Across the community it is common to hear distinctions drawn between ‘broad’ and ‘narrow’ interventions - though less so lately than in 2014/2013. For some imperfect context see this blog post by Holden on 'flow-through effects'. Typical classifications people might make would be:



  • GiveDirectly or the Against Malaria Foundation, with the goal of general human empowerment

  • Studying math

  • Promoting effective altruism

  • Improving humanity’s forecasting ability through prediction markets


  • Specialising in answering one technical question about e.g. artificial intelligence or nanotechnology, etc.

  • Studying 'crucial considerations'

  • Trying to stop Chris Christie becoming President in 2020

  • Trying to stop a war between India and Pakistan

All I want to do here is draw attention to the fact that there are multiple distinctions that should be drawn out separately so that we can have more productive conversations about the relative merits and weaknesses of different approaches. One way to do this is to make causal diagrams. I’ve made two below for illustrative purposes.

Below is a list of some possible things we might mean by narrow and broad, or related terms.

  • A long path to impact vs a short path to impact. Illustrated here:

  • Many possible paths to impact vs few possible paths to impact. Illustrated here.

  • The path functions in a wide variety of possible future scenarios vs path can function in only one possible (and conjunctive, or unlikely) future scenario. Illustrated amusingly here (though mixed in with other forms of narrowness as well).

  • The path has many necessary steps that are notably weak (that is, there’s a high probability they might not happen) vs the path has few such weak steps.

  • The path has a weak step that might not happen early on in its causal chain, vs path has a weak step that might not happen later in its causal chain.

  • The path initially has only few routes, but after one step opens up many paths, vs the path initially has many paths but after later on narrows down to few paths.


Other quick observations about this:

  • A ‘narrow’ approach on any of these definitions clearly has downsides, but could be compensated for with greater ‘force’ e.g. the magnitude of the impact along a single chain is very huge if the scheme works out.

  • It’s hard to know what should ‘count’ as a step and what doesn’t. How do we cleave these causal diagrams at their true joints? One rule of thumb for drawing out such diagrams in practice could be that a ‘step’ in the chain is something that is less than 99% likely to happen - anything higher than that can be ignored, though this too is vulnerable to arbitrariness in what you lump together as a single step.

  • I believe in the overwhelming importance of shaping the long term future. In my view most causal chains that could actually matter are likely to be very long by normal standards. But they might at least have many paths to impact, or be robust (i.e. have few weak steps).

  • People who say they are working on broad, robust or short chains usually ignore the major uncertainties about whether the farther out regions of the chain they are a part of are positive, neutral or negative in value. I think this is dangerous and makes these plans less reliable than they superficially appear to be.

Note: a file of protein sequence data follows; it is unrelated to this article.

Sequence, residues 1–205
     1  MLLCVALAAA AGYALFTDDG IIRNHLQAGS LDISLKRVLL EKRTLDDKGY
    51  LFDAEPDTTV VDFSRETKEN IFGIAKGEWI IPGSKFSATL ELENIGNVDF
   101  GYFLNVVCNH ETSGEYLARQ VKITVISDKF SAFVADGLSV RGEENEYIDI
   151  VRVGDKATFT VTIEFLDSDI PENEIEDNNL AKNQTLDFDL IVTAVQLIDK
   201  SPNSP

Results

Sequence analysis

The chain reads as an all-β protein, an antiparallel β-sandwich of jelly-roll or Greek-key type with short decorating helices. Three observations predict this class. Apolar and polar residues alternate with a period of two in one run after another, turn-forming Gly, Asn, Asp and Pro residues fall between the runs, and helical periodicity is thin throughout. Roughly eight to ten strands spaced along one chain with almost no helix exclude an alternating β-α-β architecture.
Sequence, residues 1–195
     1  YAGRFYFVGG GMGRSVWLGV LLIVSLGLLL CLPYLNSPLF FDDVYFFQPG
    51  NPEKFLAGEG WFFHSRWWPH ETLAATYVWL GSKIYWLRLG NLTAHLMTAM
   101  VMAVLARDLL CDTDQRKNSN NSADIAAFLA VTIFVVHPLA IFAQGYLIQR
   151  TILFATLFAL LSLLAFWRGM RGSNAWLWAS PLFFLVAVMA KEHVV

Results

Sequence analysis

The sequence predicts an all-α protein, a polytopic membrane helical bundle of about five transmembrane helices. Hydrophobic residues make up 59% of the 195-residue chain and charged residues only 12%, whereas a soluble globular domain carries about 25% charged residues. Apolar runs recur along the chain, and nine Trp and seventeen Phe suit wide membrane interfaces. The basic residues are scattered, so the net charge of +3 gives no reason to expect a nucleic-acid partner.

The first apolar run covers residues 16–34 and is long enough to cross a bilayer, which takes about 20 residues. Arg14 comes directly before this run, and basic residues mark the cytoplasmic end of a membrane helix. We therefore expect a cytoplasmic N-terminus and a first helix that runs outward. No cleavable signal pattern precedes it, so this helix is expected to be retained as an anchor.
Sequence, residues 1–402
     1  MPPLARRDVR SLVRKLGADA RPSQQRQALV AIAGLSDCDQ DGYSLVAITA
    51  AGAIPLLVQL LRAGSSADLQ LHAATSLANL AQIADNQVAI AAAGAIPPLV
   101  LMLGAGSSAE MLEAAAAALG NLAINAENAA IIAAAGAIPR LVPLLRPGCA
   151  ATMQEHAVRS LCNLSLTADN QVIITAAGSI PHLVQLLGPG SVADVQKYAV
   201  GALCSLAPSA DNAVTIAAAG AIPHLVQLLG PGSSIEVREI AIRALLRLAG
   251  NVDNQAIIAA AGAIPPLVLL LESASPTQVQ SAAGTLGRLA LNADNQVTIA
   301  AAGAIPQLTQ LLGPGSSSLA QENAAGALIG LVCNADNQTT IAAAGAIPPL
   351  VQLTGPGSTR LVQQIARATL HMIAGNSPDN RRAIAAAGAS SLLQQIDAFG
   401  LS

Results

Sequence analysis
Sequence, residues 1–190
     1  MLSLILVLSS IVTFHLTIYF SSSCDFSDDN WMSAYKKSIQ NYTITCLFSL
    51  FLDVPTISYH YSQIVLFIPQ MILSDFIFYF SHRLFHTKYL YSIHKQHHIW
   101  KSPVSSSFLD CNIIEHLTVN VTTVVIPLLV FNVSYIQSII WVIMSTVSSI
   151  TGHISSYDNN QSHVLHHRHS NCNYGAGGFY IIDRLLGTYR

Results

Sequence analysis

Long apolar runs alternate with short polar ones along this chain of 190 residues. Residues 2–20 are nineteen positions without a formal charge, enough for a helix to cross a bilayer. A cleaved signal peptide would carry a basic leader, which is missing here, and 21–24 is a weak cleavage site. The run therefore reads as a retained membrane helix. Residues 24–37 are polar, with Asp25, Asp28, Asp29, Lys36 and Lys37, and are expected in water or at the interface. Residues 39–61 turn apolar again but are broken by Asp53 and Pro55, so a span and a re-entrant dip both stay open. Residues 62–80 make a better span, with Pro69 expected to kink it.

• If any single step in a chain produces an output of zero, or negative expected value (e.g. your plan has many paths to increasing our forecasting ability, but it turns out that doing so is harmful), then the whole rest of that chain isn’t desirable.

  • Most plans in practice seem to go through a combination of both narrow and broad sections (e.g. lobbying for change to education policy has a bottleneck around the change in the law; after that there may be many paths to impact).

  • I'm most excited about look for ways to reduce future risks that can work in a wide range of scenarios - so called 'capacity building'.

As they say, more research is needed.


2 comments, sorted by Click to highlight new comments since: Today at 3:35 PM
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Thanks Rob, I think this is a valuable space to explore. I like what you've written. I'm going to give an assortment of thoughts in this space.

I have tended to refer to the long- vs short- path to impact as "indirect vs direct", and the many-paths-to-impact vs few-paths-to-impact as "broad vs narrow/targeted". I'm not sure how consistently these terms are understood. Another distinction which comes up is the degree of speculativeness of the intervention.

There are some correlations between these different distinctions:

  • Indirect interventions have more opportunities to be broad than direct ones
  • Indirect interventions are typically more speculative than direct ones
  • but broad interventions are often more robust (less speculative) than narrow ones

I think it's typically easier to get a good understanding of effectiveness for more direct and more narrow interventions. I therefore think they should normally be held to a higher standard of proof -- the cost of finding that proof shouldn't be prohibitive in a way it might be for the broader interventions.

I'm particularly suspicious of indirect, narrow interventions. Here there is a single chain for the intended effect, and lots of steps in the chain. This means that if we've made a mistake about our reasoning at any stage, the impact of the entire thing could collapse.

The outside view should in theory have input into how fragile we can build our inference chains. In practice it is likely very hard to establish a base rate due to the issue you bring up of not knowing where to carve. "Steps of uniform likelihood" isn't exactly an operation we can apply to a data set on past results. If we're stuck with expert judgement, that limits how many cases we can evaluate and how confident we can be in the results. Still better than nothing though.